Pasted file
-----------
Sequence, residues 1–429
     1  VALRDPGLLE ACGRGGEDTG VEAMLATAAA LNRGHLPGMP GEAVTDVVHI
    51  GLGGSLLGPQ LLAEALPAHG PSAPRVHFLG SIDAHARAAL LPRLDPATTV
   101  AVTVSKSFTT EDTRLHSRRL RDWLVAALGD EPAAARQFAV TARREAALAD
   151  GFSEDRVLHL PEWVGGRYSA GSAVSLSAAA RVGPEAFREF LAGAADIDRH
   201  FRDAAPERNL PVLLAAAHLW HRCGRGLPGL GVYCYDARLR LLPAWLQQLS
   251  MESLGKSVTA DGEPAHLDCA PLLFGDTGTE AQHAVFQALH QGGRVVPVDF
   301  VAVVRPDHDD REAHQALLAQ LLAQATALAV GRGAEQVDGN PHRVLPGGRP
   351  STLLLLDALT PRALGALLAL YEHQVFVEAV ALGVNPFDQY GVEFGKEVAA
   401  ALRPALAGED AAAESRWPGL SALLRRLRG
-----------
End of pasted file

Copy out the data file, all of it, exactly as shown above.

Sequence, residues 1–429
     1  VALRDPGLLE ACGRGGEDTG VEAMLATAAA LNRGHLPGMP GEAVTDVVHI
    51  GLGGSLLGPQ LLAEALPAHG PSAPRVHFLG SIDAHARAAL LPRLDPATTV
   101  AVTVSKSFTT EDTRLHSRRL RDWLVAALGD EPAAARQFAV TARREAALAD
   151  GFSEDRVLHL PEWVGGRYSA GSAVSLSAAA RVGPEAFREF LAGAADIDRH
   201  FRDAAPERNL PVLLAAAHLW HRCGRGLPGL GVYCYDARLR LLPAWLQQLS
   251  MESLGKSVTA DGEPAHLDCA PLLFGDTGTE AQHAVFQALH QGGRVVPVDF
   301  VAVVRPDHDD REAHQALLAQ LLAQATALAV GRGAEQVDGN PHRVLPGGRP
   351  STLLLLDALT PRALGALLAL YEHQVFVEAV ALGVNPFDQY GVEFGKEVAA
   401  ALRPALAGED AAAESRWPGL SALLRRLRG